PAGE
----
Page85: "As from 6000RPM, gently move throttle lever to Fully open. Max revs 8,700 + 200. Gas temperature must remain steady after 1 Minute"


Reference: ME262 A1 Pilots Handbook By F.D.Van Wart 1st Lt Air Corps. 15 July 1946

Section 3 Flight Operating Data : Exhaust Gas Temperature MAXIMUM 650 Degrees Celsius
Operating Condition Take off 8700 +/- 200RPM Maximum 5 Minutes



My Note: I think we can assume this was at Sea level atmospheric conditions simulating a static aircraft on the Runway as the English took their Jet Engines to Germany after the War as the Germans had High Altitude test chambers that could simulate aircraft speed up to 1000km/h.

For the ME262 winding the Engine to 7000RPM, releasing breaks and going to full Power was standard takeoff procedure Which should NOT get gas temps over 650 Degrees Celsius.

In IL2 Doing the above on Berlin Map at 8AM on Concrete Runway, Flaps at Takeoff manages to get Exhaust gas to over 800 Degrees Celsius at 230Km/h at takeoff speed.

All references state that 800Degrees Celsius is absolute maximum the Engine is rated at and at that temp things should be expected to fly apart.



Conclusion:

IL2 German Jets (possibly the YP80 as well) Exhaust Gas Temperature is NOT Correct it appears to me modeled too High.

HE162 Fuel Pressure is Too High at 100Kg/sq cm it should he 70Kg/sq cm the Me262 appears to be correct.


If anyone else can throw some more info into the Mix it would be Much appreciated.

[This message was edited by Charos on Mon May 24 2004 at 02:50 AM.]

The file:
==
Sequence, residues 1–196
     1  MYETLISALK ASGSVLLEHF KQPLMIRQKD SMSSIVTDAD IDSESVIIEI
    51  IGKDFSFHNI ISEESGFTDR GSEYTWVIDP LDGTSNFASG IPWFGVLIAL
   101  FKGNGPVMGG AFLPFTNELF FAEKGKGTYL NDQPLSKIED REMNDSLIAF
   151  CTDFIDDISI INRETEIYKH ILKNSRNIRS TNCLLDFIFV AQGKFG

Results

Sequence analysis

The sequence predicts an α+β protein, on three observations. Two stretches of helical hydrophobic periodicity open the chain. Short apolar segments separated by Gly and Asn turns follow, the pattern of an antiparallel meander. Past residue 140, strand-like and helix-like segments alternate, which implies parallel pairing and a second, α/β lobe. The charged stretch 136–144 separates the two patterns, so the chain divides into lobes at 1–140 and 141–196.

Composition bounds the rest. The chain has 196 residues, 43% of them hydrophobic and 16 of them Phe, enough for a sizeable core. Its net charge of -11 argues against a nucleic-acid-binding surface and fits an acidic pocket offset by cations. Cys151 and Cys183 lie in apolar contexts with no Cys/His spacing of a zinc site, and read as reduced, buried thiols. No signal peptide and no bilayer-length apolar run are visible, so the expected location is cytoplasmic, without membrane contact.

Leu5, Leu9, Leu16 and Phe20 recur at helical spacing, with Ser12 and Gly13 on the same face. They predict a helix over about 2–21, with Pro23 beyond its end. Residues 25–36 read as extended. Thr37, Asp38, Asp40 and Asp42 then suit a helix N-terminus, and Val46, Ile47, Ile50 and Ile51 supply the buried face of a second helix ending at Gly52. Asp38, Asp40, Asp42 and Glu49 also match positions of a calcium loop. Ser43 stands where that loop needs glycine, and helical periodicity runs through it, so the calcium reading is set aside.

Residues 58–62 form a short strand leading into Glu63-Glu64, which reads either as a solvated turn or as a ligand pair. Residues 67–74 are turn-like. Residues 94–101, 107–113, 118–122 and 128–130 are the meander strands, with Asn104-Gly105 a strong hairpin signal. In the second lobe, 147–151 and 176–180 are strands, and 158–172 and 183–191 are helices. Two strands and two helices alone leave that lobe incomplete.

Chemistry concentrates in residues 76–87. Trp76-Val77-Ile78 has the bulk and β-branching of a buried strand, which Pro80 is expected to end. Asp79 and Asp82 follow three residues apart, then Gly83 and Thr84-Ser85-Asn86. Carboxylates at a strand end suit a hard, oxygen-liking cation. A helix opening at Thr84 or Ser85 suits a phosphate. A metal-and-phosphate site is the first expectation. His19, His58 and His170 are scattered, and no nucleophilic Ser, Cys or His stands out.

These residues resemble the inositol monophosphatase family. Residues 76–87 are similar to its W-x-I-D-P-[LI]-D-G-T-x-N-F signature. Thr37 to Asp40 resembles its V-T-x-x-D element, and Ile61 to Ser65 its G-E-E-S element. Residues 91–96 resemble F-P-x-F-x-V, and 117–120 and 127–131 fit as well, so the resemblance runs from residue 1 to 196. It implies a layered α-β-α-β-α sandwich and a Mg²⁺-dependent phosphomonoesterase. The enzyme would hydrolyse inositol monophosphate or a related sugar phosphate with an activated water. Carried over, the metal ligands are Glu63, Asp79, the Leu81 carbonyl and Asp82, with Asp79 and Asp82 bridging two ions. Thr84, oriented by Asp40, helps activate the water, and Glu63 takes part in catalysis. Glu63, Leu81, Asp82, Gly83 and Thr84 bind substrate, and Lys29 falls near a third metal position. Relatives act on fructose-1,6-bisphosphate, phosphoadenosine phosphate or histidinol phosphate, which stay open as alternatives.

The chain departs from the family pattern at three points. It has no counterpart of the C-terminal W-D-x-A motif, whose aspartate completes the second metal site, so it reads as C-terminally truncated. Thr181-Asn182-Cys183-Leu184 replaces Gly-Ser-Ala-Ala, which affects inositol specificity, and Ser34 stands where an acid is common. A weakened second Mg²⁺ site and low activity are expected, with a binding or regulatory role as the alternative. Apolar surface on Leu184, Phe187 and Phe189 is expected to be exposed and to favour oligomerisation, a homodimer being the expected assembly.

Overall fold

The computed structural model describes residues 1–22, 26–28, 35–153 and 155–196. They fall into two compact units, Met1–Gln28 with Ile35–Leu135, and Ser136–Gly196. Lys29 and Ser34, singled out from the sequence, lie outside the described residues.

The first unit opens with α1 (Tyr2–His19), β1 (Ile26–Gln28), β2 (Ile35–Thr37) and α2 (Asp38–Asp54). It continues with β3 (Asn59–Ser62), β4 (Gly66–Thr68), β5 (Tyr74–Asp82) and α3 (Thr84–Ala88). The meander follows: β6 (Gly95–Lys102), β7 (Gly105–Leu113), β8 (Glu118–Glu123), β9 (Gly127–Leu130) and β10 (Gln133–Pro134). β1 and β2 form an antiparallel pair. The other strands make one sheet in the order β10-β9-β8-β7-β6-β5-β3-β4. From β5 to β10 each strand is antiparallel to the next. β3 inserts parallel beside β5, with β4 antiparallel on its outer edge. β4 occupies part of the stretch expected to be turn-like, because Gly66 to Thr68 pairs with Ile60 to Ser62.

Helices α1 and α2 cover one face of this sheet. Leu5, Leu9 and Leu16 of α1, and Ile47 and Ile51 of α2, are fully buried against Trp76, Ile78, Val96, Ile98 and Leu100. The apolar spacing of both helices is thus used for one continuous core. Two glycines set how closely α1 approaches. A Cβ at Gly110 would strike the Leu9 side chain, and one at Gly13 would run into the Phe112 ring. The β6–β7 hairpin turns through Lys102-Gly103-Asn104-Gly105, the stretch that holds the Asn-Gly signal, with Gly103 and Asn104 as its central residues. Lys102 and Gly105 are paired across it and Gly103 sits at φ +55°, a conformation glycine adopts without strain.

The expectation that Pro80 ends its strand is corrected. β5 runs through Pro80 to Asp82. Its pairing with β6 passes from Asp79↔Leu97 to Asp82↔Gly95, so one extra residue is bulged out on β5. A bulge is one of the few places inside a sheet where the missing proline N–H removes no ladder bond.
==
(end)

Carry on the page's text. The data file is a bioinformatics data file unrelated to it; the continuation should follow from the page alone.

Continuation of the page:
Charos
05-24-2004, 01:18 AM
Firstly, I Cant comment on the YP80 as I have not spent any time in that machine and I do not have ANY data as a reference for it - perhaps this Issue applies to it as well.

Firstly lets look at the HE162:

Reference: German Jet Engine and Gas Turbine Developement 1930-1945 By Antony L. Kay

Page114: "Although the Temperature in the exhaust nozzle reached about 600 Deg
Celsius"

Page115: "By thus avoiding overheating , an Exhaust nozzle temperature limitation of between 540 and 620 Deg Celsius was to be Maintained".

Page:115: "Accelation from 6500RPM to full speed of 9500RPM took between five and seven seconds, Overspeeding on a quick accelaration mounted to about 150RPM.

Page115: "Main fuel from the tanks passed via a filter on the turbojet engine to the Barmag fuel pump, which delivered it to the all-speed governor, fuel regulator and the 16 Burner cones, The full rmp capacity of the pump was about 2,275 litres (501 Gallons per hour) at 70Kg/ sq cm (996 psi) pressure and was close to the Engine requirements at sea level on a cold day"

Reference: World war 2 Fighting Jets By Jeffrey Ethell and Alfred Price

Extract from Royal Navy's chief test pilot at Farnborough, Leutenant-Commander Eric Brown on his Evaluation of the HE162 - Which relates to flight characteristics Just after Takeoff.

Page 162: "........With the Aircraft cleaned up, I eased the Throttle back to the Recommended 9200RPM and stabilised the Climbing speed at 215MPH. The HE162 Proven very stable in the climb and reached 5000ft in 1.5 Minutes, at which I levelled out and gently brough the throttle back to 8900RPM with an Engine temperature of 450 Deg Celsius."


MY NOTES: In IL2 The engine seems accelerate a little too fast. The Auto governor should take from 5 to 7 seconds as stated above to reach full throttle from 6500RPM this assists in keeping the Engine cool as dumping too much fuel in the chamber can create up to 200 Deg Celcius of extra exhaust heat and as stated above, overreving it.
MY NOTES: Regarding Eric Brown detail's: From his figures and the Graph for "performance of the HE162 on Page 32 of Monogram Closeup 11 Volksjager, Which shows for an Altitude of 5000ft the TOP Speed at 9500RPM (with the Engine exhaust necelle set to the H Position for Hoizontal flying) a maximum speed of 340MPH is attainable.
So for Eric to obtain 300MPH at 5000ft with 8900RPM is totally to be expected.

What is interesting is the Fact that he mentions 450Deg Celsius for engine temperature.

I just simulated Browns conditions with 100% Fuel on Berlin Map at 8:00AM, Flaps at takeoff setting:

Results: Aircraft slowly given throttle to 6500RPM then Quickly to 100% and While Releasing Breaks - At 100% Power Fuel pumps were giving 100/Kg/sq cm which is 30Kg/sq cm too much.